Kyoto university has the last old-fashioned wooden dorm, a decrepit structure where Ethernet cable strung on the decrepit supports overhang robotics students working on the shattered floor.
Nearly a century old, and looking every day of it, Yoshida-ryo is very likely the last remaining example of the once common Japanese wooden university dormitory. This building was built in 1913. Organized from the very beginning to be self-administering through a dormitory association (å¯®è‡ªæ²»ä¼š), the students themselves have been responsible for selecting new applicants for residency. This autonomy, however, came under full-scale assault in 1971, when the Ministry of Education began a policy of regulating or closing dormitories, which were seen as "hotbeds for various kinds of conflict." University authorities first tried to close Yoshida-ryo completely in 1979, and after failing to overcome opposition over the next 10 years finally closed the Western Yoshida-ryo across the street.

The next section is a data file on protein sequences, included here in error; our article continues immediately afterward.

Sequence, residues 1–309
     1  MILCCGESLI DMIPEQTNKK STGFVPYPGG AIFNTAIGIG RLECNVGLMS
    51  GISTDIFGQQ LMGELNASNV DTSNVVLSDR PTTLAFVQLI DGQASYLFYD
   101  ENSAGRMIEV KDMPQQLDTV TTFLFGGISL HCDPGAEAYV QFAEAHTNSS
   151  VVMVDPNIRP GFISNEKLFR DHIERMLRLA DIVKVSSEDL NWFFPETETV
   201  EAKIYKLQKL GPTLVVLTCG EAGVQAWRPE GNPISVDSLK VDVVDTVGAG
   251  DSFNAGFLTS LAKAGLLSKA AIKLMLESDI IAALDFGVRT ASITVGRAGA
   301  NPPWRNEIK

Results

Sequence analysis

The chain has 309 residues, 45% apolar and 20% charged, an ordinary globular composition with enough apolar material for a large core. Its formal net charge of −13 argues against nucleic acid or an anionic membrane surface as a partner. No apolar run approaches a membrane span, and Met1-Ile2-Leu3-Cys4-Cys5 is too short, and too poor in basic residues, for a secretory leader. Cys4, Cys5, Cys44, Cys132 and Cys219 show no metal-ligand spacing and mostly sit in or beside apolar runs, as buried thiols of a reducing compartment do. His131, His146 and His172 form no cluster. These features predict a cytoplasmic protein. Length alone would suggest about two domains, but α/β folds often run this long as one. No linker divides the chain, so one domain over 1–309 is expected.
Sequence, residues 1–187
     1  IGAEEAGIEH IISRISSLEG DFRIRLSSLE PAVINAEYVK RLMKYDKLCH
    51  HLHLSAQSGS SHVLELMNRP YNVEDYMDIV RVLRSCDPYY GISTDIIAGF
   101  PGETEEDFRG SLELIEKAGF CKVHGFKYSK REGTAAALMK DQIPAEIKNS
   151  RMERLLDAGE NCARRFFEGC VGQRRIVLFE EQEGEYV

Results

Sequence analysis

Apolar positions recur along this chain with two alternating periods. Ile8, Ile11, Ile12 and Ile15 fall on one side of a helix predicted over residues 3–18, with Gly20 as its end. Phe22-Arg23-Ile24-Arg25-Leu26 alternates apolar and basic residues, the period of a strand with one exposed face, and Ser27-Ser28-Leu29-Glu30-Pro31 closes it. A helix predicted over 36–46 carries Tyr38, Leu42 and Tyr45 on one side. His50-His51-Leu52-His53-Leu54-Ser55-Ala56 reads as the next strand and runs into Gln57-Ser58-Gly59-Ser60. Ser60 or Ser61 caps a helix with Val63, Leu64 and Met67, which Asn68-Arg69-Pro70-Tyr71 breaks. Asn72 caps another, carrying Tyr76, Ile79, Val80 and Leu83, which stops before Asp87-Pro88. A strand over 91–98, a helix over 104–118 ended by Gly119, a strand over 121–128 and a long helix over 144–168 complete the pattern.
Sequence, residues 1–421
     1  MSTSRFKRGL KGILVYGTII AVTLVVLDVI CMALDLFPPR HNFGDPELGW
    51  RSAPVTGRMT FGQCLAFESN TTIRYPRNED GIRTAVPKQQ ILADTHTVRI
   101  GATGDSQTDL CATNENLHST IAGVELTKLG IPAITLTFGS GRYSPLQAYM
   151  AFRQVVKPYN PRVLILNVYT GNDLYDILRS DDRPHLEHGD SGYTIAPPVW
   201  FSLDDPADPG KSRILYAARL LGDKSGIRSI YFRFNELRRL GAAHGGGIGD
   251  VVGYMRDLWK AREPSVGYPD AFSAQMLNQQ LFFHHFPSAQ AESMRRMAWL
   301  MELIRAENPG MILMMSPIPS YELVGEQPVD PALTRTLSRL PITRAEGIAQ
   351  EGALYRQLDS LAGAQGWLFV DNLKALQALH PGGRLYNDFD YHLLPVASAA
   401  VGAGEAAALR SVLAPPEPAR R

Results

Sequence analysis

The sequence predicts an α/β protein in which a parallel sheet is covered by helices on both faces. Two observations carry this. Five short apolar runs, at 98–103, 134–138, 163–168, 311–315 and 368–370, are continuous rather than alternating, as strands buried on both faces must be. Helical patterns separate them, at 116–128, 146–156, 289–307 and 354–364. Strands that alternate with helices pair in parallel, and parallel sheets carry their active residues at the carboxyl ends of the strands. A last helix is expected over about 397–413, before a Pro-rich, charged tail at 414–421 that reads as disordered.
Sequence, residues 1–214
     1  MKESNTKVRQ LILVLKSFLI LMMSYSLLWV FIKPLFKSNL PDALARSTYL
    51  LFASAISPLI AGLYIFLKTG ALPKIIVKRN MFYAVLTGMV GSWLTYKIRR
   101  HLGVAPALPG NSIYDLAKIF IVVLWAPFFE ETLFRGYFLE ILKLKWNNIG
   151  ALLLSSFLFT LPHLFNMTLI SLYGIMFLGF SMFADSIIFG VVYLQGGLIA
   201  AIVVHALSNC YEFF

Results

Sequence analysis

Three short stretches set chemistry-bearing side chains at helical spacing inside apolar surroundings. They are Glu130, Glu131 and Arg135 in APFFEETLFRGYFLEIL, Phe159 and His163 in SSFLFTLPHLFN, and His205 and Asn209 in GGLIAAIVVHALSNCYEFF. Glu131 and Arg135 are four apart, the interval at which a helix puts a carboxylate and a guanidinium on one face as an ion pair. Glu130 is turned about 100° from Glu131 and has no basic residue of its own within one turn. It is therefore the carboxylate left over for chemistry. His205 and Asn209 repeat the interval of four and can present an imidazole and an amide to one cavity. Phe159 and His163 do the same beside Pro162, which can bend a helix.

With the death of Japan's violent student activism, the campaign to close the dormitory subsided for a time, but in the aftermath of the 1995 Great Hanshin Earthquake there were new calls to replace the poorly aged building, which had already seen its maintenance neglected for decades by a university that had wanted to demolish it.
At present, the future of the dormitory is unclear. While residents have performed some minor upgrades over the years, such as the haphazard stringing of Ethernet cables through the halls to each room, they have only recently begun discussing the possibility of performing serious repairs themselves. There has even been some discussion of bypassing the university and applying for historical building preservation funds, although the building may be considered too far gone for proper restoration, particularly while still being lived in.
(Image: Roy Berman/CNNGo)